Takayama’s preserved old town, “shitamachi” dates back from the Edo Period [1600 – 1860]. Here, in its crowning days, many wealthy merchants lived here. Some of these homes are now opened to public. The most popular streets are in the south – Sannomachi, Ninomachi, Ichinomachi and Sanmachi. Takayama is also renowned for its high quality sake. Several breweries can be found around this old town. They are easily identified with barrels outside their premises and with a huge cedar ball hung above the door. The smell is also a good give-away. At one, I sampled a few. Traditionally, each serving comes in a small wooden box. Now, glasses are used. I loved the sweet plum sake.
Throngs of people walked in these streets looking through museums, cafes, heritage homes, art and craft shops, and sake breweries amongst others. It is lovely to see ‘old’ Japan as most images of Japan are urbanised areas like neon lit Tokyo and Osaka. During the Edo Period, Takayama was the centre of high quality timber production. This preserved old town is fully made from timber. It has appeal and good feeling as we walked down the streets. Although crowded, it was easy to navigate through. Running water gushed through stone canals that ran parallel to the street and along the houses. Potted plants and climbing purple wisteria flowers add further appeal to this charming place.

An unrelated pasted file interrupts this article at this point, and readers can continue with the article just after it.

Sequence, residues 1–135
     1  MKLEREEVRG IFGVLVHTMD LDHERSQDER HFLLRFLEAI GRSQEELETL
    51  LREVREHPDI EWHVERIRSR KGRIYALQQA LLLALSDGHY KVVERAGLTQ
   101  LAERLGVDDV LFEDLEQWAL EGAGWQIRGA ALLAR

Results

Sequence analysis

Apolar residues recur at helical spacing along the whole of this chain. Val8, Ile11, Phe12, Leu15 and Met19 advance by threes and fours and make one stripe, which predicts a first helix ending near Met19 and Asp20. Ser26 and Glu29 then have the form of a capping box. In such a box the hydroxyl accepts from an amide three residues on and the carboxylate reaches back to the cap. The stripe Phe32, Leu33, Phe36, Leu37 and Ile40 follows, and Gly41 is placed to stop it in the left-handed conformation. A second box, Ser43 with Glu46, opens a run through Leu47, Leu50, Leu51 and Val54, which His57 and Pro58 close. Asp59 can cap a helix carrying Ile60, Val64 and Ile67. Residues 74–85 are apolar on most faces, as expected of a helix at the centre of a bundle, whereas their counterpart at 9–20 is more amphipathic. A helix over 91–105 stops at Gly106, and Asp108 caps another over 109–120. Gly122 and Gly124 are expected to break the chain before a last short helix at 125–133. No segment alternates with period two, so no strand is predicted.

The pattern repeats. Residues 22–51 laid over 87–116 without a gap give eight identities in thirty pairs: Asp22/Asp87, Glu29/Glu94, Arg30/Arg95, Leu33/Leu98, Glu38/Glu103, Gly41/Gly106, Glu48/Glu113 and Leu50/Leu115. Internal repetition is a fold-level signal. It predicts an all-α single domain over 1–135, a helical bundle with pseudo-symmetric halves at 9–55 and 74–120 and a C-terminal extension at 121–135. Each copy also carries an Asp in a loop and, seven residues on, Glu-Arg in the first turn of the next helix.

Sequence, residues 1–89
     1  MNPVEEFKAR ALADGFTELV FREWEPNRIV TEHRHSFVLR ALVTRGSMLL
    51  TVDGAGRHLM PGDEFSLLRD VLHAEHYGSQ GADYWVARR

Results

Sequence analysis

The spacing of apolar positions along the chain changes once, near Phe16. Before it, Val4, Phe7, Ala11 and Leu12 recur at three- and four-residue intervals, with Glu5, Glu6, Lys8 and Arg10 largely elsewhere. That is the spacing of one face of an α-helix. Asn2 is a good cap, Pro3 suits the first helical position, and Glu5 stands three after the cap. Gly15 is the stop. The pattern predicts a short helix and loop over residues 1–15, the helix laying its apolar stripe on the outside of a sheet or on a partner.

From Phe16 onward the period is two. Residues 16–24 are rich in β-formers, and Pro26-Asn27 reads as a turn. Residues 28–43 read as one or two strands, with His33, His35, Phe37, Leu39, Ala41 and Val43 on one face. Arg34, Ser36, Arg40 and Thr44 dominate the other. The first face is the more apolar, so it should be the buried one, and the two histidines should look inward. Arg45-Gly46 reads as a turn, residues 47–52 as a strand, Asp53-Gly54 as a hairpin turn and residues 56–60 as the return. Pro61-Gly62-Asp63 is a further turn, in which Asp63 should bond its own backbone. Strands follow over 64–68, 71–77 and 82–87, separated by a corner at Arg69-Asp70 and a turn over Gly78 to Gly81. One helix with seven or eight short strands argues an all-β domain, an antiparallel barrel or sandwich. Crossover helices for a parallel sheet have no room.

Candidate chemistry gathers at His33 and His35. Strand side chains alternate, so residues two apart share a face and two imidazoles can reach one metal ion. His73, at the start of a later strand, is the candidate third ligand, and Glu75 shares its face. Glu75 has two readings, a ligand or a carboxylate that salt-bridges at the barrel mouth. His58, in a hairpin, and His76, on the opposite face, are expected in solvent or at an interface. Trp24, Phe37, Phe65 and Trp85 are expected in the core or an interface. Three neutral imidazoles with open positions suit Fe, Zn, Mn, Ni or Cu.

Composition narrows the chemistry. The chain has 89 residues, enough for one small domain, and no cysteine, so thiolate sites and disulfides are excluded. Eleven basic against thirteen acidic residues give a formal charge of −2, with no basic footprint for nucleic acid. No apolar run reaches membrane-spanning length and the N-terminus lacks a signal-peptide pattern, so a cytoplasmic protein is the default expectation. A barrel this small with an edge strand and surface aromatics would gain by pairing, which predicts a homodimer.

Although touristy, there are places where we could chill out, get some respite from the crowds like today. One such street is off the red Nakabashi Bridge. This street is planted with lovely cherry and willow trees that overlooked the slow flowing Miyagawa River. Small eateries and local handicraft shops are tucked away in this narrow leafy street. There were hardly any tourists here. Wandering these back streets is best done by walking which allowed an intimate experience with the old town. However, another mode of transport popular here is by using a rickshaw. Men and women dressed in black and wide hats hand pulled rickshaws through the historic streets. However, we did not try them.
Our stomach was rumbling. On a corner of a busy street, an elderly unassuming woman sold “mitarashii mochi dago”, rice ball on a stick spread with soy sauce. It just fills your stomach. One of the rewards of walking is trying out various foods along the way. There is always something to discover. Ramen was the order for lunch. I passed. The heat escalated and temperatures increased. It was time to retire for the afternoon. Not for me though. Sweet “mochi” waits.
“we were all tired after a huge day……slept soundly on our futon beds on the tatami floors” – Navindd
After a long day’s walk in this hot and humid weather, it was nice to just to sit in a modern art – deco restaurant for dinner. There are many along the main roads. Nearly all specialized in Hida Beef (wagyu) dishes – the signature dish of Takayama. We sipped “macha” tea to drown these lovely dishes. Takayama is certainly not vegetarian friendly although available.